Why do Jews today connect with Jewish practices and ideas? For some it may be a desire to pass on hallowed traditions. For others, an innate sense of pride. For still others: guilt. Or, all of the above (at some point or another).
There is another kind of motivation to ‘do Jewish’ that I’m interested in understanding, because I feel it myself and I wonder where it fits. I feel it when at a Shabbat meal I hear and sing a melody that resonates and reverberates around me – sometimes because it is the tune of that time of year, other times because of the beauty of the melody itself. It comes when I emerge from a pre-holiday mikvah, ready to be new again. It arises when I look around a kumtzitz campfire, take in the faces of people I am connected to and sense the way in which together we make a community.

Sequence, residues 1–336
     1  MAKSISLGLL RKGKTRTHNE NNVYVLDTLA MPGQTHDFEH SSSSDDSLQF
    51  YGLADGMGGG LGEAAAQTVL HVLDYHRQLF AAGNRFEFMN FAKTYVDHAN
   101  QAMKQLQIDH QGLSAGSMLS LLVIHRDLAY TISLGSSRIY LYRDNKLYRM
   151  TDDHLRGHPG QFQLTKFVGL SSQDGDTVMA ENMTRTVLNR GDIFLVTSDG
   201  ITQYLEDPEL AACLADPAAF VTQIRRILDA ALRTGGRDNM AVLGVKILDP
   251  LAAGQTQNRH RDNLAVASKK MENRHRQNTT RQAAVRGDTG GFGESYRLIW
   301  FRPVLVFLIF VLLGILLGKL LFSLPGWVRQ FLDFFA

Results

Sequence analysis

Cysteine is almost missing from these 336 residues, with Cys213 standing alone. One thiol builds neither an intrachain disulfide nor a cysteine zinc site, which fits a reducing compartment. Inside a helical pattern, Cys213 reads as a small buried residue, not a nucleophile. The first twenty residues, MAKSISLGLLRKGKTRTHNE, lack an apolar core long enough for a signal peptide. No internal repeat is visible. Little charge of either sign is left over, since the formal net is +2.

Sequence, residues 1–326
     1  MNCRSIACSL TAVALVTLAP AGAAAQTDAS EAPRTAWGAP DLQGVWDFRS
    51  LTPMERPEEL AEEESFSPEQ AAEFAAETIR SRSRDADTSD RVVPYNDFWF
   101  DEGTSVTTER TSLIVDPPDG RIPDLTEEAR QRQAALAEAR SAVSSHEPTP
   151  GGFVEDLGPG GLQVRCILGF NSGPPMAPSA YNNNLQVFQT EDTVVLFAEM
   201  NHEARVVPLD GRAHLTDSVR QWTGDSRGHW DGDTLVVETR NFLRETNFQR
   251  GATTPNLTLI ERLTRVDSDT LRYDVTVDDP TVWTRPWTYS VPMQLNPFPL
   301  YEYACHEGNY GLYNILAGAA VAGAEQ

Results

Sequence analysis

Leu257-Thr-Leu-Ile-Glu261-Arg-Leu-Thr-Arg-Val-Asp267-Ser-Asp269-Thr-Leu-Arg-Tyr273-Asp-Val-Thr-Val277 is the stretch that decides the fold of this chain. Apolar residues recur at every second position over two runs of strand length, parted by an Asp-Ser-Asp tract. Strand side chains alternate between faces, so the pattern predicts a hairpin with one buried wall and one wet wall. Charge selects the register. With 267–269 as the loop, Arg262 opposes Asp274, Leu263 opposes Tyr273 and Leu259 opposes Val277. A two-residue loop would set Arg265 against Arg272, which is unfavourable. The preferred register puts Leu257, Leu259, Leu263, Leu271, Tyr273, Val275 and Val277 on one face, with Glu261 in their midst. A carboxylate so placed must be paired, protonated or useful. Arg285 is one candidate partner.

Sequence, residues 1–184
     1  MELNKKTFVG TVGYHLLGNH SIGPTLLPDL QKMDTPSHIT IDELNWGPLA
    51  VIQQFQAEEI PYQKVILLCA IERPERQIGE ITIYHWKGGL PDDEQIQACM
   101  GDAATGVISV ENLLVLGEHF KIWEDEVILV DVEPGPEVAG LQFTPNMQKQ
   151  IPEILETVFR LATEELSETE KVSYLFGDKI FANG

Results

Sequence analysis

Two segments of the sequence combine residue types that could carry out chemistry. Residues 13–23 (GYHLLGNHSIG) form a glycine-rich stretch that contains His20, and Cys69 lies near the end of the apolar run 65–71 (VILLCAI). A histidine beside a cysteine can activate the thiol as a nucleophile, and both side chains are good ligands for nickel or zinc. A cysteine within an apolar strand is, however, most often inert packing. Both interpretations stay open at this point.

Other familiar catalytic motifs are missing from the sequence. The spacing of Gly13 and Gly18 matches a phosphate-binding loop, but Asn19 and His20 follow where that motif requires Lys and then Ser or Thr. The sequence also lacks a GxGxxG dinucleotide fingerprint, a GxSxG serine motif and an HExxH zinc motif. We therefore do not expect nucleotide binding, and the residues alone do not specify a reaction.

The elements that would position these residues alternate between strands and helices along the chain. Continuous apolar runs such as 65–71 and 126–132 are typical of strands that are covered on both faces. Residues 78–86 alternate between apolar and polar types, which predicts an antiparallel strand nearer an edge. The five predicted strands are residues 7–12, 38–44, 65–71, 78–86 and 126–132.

If pressed to choose a word for this feeling, I would call it ‘joy.’ Perhaps I could call it ‘pleasure,’ but pleasure can sound so hedonistic. Better yet, Simcha is a Hebrew word that comes closer, but maybe that’s because I read more layers of meaning into a Hebrew term than into a stark English word. Regardless of what we call it, it is a very positive feeling. A Gen-Xer who grew up in a mostly ritually unobservant home, as an adult I participate in Jewish practices … because I enjoy them. Continue reading